By: Chris Davis Nov. 19, 2019 - 93.1FM WIBC
The National Consumers League says you should stay away from CBD because of its untrustworthy labeling and false promises.
WASHINGTON, D.C.--Fifty CBD manufacturers have been warned by the FDA to stop making false promises about what their product can do for people. You're being warned that CBD products may not contain what's on the label or may even be dangerous.
"We really are warning Indiana residents to be concerned, be wary and avoid these products until they've been tested by the FDA," said Patricia Kelmar, director of Health Policy for the National Consumers League. She said they are leading an effort to stop people from using CBD products, until the FDA approves them with scientific testing.
CBD oil was made legal to sell, even without FDA approval, by the Indiana legislature in 2017.
"We see CBD in products ranging from food like tea and honey and chocolate, to oils and lotion, even pet treats and gummies," said Kelmar. "None of the products that are on the market today have been approved or reviewed by the FDA."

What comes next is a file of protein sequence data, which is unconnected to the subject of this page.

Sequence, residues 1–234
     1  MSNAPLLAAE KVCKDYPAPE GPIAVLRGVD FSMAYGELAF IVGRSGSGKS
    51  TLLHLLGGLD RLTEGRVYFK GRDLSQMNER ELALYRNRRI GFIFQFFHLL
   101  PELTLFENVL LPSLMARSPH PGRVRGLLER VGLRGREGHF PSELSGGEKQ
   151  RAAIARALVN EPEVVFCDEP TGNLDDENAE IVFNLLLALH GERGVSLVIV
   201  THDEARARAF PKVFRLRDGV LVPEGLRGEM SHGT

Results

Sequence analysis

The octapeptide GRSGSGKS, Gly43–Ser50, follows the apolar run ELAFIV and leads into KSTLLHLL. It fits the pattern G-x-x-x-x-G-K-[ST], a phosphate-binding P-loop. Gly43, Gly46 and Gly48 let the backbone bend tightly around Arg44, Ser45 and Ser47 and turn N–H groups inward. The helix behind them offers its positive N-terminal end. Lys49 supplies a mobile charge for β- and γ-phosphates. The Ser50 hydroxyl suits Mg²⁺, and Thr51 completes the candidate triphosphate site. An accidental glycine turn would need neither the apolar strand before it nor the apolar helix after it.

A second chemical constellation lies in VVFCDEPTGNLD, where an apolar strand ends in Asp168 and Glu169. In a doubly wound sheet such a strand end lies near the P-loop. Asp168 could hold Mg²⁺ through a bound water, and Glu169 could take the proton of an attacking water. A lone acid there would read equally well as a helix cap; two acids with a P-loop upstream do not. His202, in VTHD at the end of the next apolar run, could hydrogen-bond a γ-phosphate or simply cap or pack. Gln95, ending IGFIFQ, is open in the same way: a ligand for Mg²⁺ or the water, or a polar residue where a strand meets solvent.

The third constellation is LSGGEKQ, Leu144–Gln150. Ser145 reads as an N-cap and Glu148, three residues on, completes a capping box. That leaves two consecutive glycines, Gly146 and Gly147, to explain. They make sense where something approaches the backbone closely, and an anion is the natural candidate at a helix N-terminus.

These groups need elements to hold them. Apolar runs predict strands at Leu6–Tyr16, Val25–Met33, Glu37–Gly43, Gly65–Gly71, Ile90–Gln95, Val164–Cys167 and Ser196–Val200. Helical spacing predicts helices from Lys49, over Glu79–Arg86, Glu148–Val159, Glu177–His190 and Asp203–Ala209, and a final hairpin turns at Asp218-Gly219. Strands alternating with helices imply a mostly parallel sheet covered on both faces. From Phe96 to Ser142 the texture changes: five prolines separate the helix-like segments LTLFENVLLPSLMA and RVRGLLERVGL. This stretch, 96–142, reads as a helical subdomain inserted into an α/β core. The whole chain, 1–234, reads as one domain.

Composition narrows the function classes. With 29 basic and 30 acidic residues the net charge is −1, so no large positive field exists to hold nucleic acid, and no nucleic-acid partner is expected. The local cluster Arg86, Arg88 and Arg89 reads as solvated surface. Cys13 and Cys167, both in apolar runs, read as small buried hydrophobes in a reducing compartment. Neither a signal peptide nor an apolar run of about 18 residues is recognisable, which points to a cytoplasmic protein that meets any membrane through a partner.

The exception is a drug that was approved in 2018 to treat childhood epilepsy. It contains a purified CBD oil, and the approval was praised by Indiana Atty. Gen. Curtis Hill, long an opponent of marijuana or derivatives.
Kelmar said that products shouldn't be trusted just because of what's on the label.
"People in Indiana might be seeing CBD products on the shelf and assume they're safe. But, they can't just rely on that fact that they're on the shelf," said Kelmar. "All CBD has at least some level of THC, which is the psychoactive element that causes a high."
Indiana forbids CBD products to be sold that have more than a trace of THC.
"One test of 240 of the top selling CBD products found that 70 percent were contaminated with substances like lead arsenic, herbicides, pesticides and even toxic mold," she said.
Kelmar said the FDA has already warned pregnant and breastfeeding women not to use the products, by the NCL believes no one should use the products until they have scientifically-backed, FDA approval, which she said could take several years.